Farmers will have access from this week to the first local phosphate fertiliser to be mined in 70 years.
The Ravensdown fertiliser co-operative has spent 18 months investigating the feasibility of using phosphate rock from Clarendon, near Milton in South Otago. The deposit was last mined in the 1940s, during World War II.
Ravensdown, which started exploring the deposit after local farmer Tony McDonnell raised the idea two years ago, has now released a new superphosphate blend that includes 15% of the local rock.
It had initially hoped to completely replace increasingly expensive imported phosphate with local product but chief executive Rodney Green says that wasn't possible.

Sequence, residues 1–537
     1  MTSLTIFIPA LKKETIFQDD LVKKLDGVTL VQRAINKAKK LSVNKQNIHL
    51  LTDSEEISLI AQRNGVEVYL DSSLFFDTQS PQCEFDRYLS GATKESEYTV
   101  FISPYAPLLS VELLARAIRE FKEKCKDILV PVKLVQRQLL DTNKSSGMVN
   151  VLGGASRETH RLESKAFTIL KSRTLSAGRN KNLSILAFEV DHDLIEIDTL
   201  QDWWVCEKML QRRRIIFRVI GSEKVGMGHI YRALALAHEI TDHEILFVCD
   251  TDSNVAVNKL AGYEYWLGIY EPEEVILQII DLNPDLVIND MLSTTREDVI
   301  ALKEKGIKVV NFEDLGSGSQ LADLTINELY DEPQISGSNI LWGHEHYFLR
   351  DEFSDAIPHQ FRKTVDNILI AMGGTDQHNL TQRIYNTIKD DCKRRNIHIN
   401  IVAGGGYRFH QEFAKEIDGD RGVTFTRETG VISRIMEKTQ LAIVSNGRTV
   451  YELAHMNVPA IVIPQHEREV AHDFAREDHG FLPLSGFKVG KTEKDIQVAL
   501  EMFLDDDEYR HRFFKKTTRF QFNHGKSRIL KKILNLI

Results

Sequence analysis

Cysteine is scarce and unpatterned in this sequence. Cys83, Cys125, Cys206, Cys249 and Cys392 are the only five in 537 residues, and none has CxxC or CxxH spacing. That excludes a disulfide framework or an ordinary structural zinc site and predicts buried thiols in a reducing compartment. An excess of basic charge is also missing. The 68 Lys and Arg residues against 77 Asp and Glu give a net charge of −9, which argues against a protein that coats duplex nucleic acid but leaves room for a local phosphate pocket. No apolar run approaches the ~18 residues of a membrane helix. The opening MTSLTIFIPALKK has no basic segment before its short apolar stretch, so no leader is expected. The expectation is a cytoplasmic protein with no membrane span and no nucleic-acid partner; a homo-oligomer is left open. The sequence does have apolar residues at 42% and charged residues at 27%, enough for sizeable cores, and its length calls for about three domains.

Still, he says, being able to use some local phosphate will bring economic benefits to the company and to farmers.
The new blend is being supplied in Otago and Southland from this week.
Mr Green says Ravensdown is continuing to explore the Clarendon deposit and will look at increasing the mix of local phosphate if that can be sustained.